As retailers continue to make adjustments to meet evolving consumer expectations after an unprecedented year, a new report by Retail Zipline and Coyle Hospitality Group sought to understand how shoppers felt about the changes. The researchers evaluated 89 retail brands in the U.S. and Canada across five categories including speed and convenience, signage, health and safety, sales execution and holiday readiness.
Overall, the study served to find that the majority of retailers evaluated met consumer expectations around health and safety — a very important element of the new in-store experience. In evaluations, 82 percent of retailers provided reminders to maintain social distancing, 76 percent provided shoppers with an experience where they felt safe, 80 percent provided contactless payment options and 79 percent had hand sanitizer available in-store.
Further, shoppers determined that most were following mask-wearing guidelines, and reported that 95 percent of all store associates were observed to be wearing masks at all times and 91 percent of customers were observed to be wearing masks at all times.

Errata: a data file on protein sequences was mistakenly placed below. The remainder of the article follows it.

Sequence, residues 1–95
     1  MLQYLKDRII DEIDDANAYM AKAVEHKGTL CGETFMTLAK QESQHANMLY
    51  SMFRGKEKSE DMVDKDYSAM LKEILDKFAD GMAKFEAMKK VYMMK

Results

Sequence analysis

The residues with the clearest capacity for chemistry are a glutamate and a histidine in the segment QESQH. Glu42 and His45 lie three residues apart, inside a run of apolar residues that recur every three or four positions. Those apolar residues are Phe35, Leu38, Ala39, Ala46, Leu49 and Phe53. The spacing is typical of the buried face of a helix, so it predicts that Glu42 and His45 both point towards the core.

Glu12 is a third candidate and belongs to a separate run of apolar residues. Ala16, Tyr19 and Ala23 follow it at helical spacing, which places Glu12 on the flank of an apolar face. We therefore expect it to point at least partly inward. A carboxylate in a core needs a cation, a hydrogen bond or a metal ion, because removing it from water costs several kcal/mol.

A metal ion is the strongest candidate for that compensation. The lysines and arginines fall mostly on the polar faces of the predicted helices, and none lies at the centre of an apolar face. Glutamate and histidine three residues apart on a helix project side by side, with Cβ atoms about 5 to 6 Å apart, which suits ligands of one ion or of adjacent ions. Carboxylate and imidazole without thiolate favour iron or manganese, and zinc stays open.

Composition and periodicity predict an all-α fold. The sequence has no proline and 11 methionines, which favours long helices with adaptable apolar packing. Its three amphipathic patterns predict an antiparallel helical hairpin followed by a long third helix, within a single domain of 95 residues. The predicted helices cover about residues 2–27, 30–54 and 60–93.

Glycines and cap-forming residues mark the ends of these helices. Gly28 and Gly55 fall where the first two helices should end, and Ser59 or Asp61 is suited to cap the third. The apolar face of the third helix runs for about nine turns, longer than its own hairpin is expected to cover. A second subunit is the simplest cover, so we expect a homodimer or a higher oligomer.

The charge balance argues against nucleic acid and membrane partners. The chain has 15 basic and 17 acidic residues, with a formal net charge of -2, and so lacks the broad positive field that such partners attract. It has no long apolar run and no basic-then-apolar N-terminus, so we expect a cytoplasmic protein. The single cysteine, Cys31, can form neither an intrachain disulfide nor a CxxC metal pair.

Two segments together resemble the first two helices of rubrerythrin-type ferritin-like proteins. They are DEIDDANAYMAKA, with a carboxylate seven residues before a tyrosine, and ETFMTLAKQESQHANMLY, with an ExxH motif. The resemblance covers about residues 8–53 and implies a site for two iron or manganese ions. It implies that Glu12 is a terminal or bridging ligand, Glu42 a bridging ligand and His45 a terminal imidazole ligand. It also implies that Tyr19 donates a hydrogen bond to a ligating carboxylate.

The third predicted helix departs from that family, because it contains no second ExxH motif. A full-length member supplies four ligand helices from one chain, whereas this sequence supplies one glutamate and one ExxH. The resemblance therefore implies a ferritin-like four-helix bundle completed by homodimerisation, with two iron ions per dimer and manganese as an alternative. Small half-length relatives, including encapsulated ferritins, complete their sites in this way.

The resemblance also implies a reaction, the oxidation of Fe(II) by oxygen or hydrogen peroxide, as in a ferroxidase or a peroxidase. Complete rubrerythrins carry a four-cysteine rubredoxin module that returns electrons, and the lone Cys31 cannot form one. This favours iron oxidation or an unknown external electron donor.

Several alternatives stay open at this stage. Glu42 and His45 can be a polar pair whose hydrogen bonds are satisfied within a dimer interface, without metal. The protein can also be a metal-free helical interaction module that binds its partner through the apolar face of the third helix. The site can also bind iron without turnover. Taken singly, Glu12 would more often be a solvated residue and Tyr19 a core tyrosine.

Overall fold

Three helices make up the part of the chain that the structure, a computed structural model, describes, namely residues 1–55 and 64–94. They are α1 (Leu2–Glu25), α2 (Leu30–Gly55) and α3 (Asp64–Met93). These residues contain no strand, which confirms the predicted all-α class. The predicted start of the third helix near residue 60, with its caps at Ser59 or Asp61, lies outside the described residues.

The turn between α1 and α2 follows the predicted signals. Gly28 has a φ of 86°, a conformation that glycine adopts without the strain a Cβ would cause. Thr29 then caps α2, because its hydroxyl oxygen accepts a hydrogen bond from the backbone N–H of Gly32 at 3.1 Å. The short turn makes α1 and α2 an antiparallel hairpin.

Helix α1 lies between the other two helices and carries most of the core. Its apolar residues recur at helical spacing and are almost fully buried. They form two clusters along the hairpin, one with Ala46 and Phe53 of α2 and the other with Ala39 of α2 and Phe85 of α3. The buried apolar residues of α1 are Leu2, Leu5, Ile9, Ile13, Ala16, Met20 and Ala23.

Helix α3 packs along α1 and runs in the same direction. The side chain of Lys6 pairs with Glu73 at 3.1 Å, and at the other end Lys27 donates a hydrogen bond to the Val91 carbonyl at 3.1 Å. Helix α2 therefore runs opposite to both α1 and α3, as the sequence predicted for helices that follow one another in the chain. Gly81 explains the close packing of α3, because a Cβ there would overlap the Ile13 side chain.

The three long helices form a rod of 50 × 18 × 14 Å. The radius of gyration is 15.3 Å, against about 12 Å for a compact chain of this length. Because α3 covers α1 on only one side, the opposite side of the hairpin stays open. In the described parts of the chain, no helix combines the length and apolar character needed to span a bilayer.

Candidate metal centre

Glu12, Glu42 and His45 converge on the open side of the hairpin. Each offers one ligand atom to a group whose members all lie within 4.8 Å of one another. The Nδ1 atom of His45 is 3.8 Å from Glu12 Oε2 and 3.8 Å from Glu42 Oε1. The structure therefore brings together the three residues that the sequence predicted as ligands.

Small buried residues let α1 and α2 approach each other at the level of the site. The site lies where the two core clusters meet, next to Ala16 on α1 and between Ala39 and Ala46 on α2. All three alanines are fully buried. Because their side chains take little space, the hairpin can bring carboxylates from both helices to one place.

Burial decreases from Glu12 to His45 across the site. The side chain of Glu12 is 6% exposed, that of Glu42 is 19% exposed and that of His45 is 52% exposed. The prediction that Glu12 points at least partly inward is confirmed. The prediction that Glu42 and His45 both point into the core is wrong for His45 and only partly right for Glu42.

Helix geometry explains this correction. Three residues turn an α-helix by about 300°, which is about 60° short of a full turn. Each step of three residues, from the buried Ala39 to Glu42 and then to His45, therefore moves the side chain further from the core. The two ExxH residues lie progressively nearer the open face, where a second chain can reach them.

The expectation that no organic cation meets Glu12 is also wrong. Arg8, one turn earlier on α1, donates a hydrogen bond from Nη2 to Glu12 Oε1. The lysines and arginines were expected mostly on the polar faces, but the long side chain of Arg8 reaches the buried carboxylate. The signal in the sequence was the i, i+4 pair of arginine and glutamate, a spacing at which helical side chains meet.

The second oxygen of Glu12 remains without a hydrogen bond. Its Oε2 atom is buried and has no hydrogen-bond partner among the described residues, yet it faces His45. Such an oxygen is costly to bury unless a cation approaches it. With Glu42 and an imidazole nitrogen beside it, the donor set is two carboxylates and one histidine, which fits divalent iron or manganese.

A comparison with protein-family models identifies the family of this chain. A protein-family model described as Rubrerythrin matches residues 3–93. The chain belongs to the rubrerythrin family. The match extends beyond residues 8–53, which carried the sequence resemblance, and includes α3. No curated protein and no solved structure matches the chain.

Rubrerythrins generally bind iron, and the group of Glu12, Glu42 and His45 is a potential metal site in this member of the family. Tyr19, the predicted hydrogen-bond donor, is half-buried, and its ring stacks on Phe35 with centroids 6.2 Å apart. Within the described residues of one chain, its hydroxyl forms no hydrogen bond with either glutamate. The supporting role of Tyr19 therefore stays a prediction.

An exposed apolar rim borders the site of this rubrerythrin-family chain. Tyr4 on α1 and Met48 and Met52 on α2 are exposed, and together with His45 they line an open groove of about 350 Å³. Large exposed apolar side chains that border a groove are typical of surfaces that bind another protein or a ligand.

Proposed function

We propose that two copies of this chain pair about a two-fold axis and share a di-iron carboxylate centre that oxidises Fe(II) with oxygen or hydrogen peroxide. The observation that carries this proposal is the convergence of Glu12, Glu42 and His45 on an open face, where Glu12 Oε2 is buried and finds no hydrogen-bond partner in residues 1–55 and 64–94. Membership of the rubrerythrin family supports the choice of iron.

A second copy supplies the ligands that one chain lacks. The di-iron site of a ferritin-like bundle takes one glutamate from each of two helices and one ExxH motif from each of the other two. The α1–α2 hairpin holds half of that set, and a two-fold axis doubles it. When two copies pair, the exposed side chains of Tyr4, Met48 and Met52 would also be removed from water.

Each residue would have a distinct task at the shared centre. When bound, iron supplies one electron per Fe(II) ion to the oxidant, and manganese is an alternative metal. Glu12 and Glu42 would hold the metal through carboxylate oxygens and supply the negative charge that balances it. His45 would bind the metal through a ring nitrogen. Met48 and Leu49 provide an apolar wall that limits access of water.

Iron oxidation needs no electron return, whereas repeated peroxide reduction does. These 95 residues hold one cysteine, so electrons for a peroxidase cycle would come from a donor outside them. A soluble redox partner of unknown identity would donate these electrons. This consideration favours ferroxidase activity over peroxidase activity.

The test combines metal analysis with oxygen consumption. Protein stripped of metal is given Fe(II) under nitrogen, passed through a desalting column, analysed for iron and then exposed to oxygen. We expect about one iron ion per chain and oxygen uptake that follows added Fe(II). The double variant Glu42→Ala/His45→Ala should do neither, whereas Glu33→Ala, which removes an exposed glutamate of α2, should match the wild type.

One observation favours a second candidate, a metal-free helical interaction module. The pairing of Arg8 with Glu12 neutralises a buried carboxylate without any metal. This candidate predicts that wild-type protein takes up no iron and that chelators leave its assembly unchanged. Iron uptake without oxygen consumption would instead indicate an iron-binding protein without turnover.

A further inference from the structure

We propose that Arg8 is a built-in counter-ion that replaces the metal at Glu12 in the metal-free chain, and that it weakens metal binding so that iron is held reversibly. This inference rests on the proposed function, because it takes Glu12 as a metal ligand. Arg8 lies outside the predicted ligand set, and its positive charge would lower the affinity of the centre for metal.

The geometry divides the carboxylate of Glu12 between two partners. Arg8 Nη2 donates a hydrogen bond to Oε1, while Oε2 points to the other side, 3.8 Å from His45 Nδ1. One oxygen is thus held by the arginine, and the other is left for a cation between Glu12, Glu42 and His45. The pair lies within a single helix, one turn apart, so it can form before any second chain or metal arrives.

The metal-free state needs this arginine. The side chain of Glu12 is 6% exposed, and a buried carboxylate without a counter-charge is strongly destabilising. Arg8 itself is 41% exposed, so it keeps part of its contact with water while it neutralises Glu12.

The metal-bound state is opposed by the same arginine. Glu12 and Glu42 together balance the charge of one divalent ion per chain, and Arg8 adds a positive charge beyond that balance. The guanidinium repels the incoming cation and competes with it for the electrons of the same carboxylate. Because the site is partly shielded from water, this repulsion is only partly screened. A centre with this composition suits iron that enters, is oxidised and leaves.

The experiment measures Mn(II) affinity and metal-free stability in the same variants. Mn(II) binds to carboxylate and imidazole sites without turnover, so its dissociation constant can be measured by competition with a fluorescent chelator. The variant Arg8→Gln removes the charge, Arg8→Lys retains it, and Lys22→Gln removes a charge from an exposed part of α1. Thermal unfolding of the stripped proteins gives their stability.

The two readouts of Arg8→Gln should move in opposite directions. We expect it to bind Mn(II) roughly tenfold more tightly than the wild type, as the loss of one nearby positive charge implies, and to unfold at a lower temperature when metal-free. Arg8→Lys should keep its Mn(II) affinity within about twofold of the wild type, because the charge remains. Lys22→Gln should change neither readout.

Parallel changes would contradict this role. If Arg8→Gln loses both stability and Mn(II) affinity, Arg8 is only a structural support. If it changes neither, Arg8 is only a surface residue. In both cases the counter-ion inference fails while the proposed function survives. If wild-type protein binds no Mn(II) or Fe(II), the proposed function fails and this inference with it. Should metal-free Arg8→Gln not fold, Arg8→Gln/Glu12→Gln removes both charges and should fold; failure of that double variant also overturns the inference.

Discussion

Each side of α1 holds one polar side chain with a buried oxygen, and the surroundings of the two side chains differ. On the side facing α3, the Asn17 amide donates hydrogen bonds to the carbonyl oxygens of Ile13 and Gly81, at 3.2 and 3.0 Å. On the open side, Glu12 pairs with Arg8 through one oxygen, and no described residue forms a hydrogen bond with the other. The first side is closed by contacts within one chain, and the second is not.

However, shoppers told the companies they found other environmental factors lacking and rated only 24 percent of retailers as providing a “festive” environment during the holiday season, and only 36 percent of retailers were determined to provide clear and visible signage for holiday hours. At the same time, shoppers reported a 40 percent rate of moderating occupancy and limiting crowding in-store.
Notably, the report found geographic differences in health and safety responses by retailers and consumers. In fact, stores in New York, California and Canada were ranked as taking “greater precautions” compared to states in the interior U.S. In fact, while 85 percent of shoppers said they felt “very safe” while shopping in New York, California and Canada, only 67 percent said the same while shopping in the interior U.S.
According to the authors of the report, the study found that beauty and apparel brands outperformed other retail categories by 26 percent with the most notable differences showing in sales execution and signage. The top-performing retailer overall was Maurices, followed by Hy-Vee, Disney Store, Gap Inc., Build-a-Bear, Macy’s, Ikea, Sephora, Lululemon and Casey’s.
Other correlations between top-performing retailers included investments in communications technology. While authors of the report said they found retailers that utilized software solutions ranked higher in every category it was especially vital in the speed and convenience and sales execution categories.
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